Types of Tariff

Types of Tariff, Electrical Dost

Following are the types of tariff:

1) Simple tariff
2) Step rate tariff
3) Block rate tariff
4) Power factor tariff
5) Two-part tariff
6) Three-part tariff
7) Flat rate tariff
8) Time of each day (Tos) (Spot parking)

1) Simple tariff (Uniform rate tariff)

Most simple form during which the cost of energy is charged on the idea of units consumed by the buyer.
The cost per unit (kWh) springs by the subsequent relation :

The consumer is suffered by this tariff:
(i) The cost per unit (kWh) delivered is higher.
(ii) Domestic, bulk, industrial, commercial consumers aren’t discriminated they need different load factors, different power factor or diversity factors. All are treated the same.
So this tariff isn’t generally exercised.

2) Step rate tariff :

It is a group of flat-rate tariffs. during this decreasing unit charges for a higher range of consumption.

Types of Tariff, Electrical Dost
Fig . of tariff

Explanation
Say
Rs. 5/unit up to but 50 unit (i.e. kWh) consumption
Rs. 4.5/unit for 50 to 200 kWh consumption
Rs. 4/unit exceeding 200 kWh consumption.
In this tariff the tendency of the buyer to cross and enter into the subsequent slab.
This drawback is overcome in block rate tariff.

3) Block rate tariff

The first block of energy 1s charged at a higher rate and succeeding blocks of energy are charged at progressively reduced rates, for instance, the primary 30 units could also be charged at the speed of 4.0 paise/unit. subsequent 50 units could also be charged at the speed of three .50 per unit
The consumption exceeding 100 units could also be charged at the speed of three .0 per unit
The advantage of such a tariff is hat the buyer gets an incentive tor consuming more electricity. This increases the ratio of the system and hence the generation cost is reduced. the disadvantage is that it lacks a measure of the consumer’s demand. This tariff is the hottest nowadays among domestic, commercial and little industrial consumers.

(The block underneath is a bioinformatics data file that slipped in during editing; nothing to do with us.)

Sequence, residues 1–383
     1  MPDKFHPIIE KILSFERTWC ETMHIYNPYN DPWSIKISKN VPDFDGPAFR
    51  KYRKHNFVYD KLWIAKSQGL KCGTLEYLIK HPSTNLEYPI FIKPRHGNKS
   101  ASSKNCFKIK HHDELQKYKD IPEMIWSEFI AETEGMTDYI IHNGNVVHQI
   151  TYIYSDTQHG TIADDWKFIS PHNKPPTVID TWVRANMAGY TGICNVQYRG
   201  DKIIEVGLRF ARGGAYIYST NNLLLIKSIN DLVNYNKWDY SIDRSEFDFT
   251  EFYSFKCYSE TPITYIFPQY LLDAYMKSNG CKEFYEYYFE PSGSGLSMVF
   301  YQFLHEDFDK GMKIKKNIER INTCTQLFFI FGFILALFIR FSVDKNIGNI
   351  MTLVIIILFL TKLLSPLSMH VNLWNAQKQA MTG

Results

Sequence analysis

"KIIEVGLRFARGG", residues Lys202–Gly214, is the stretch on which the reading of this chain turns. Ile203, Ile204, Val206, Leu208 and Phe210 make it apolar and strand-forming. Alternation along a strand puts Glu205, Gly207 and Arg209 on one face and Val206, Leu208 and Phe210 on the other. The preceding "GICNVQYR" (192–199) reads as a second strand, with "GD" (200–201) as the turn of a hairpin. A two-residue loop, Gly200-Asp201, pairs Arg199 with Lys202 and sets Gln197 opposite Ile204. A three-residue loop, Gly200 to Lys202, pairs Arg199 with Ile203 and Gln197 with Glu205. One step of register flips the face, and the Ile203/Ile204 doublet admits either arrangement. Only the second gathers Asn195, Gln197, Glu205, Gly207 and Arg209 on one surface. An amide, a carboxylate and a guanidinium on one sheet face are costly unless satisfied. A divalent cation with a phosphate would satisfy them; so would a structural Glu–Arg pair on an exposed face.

4) Power factor tariff

Since, the efficiency of plant and equipment depends upon the facility factor, therefore, so as to extend the utility of plant and equipment to the utmost, the plant must be operated at the foremost economical power factor. that’s why sometimes consumers are
penalized for poor power factor by applying the subsequent sorts of power factor tariffs:

(a) kVA Maximum Demand Tariff: this sort of tariff springs by modifying sort of two-part tariff. during this case, the maximum demand is measured in kVA rather than in kW. this sort of tariff encourages the consumers to work their machines and other equipment at improved power factor because low power factor will cause more demand charges.

(b) kWh and kVARh Tariff: kWh and kVARh are measured and charged separately Since, kVARh decreases with the rise in power factor, therefore, the buyer is inspired to enhance the facility factor of his installation so as to decrease the fees on account of kVARh recorded.

5) Two-part tariff

The total charge to be made to the buyer is split into two components namely fixed cost and running charge. Since fixed cost is independent of energy consumed and proportional to the utmost demand, therefore, the fixed cost is formed at a particular amount per kW of maximum demand, which may be assessed on the idea of connected load or on the entire combined kW capacity of all the consuming devices owned by a specific consumer. Running charge is formed at a particular amount per kWh for the entire energy consumed. this sort of tariff 1s expressed by the expression. Total energy charges, e=a X kW+b X kwh where a is that they charge per kW of maximum demand assessed and R b is that they charge per kWh of energy consumed.